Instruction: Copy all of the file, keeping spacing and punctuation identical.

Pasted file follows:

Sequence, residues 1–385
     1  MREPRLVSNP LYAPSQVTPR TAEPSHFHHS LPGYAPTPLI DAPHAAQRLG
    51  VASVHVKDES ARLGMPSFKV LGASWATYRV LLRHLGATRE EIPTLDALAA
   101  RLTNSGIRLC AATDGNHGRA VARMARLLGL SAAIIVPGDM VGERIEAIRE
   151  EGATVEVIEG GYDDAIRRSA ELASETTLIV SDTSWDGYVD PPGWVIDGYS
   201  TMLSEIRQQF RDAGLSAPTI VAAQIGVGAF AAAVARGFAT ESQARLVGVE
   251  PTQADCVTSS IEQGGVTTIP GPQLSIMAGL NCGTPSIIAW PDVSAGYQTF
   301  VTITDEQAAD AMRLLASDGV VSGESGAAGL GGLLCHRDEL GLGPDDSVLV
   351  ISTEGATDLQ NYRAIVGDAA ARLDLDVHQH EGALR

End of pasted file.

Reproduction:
Sequence, residues 1–385
     1  MREPRLVSNP LYAPSQVTPR TAEPSHFHHS LPGYAPTPLI DAPHAAQRLG
    51  VASVHVKDES ARLGMPSFKV LGASWATYRV LLRHLGATRE EIPTLDALAA
   101  RLTNSGIRLC AATDGNHGRA VARMARLLGL SAAIIVPGDM VGERIEAIRE
   151  EGATVEVIEG GYDDAIRRSA ELASETTLIV SDTSWDGYVD PPGWVIDGYS
   201  TMLSEIRQQF RDAGLSAPTI VAAQIGVGAF AAAVARGFAT ESQARLVGVE
   251  PTQADCVTSS IEQGGVTTIP GPQLSIMAGL NCGTPSIIAW PDVSAGYQTF
   301  VTITDEQAAD AMRLLASDGV VSGESGAAGL GGLLCHRDEL GLGPDDSVLV
   351  ISTEGATDLQ NYRAIVGDAA ARLDLDVHQH EGALR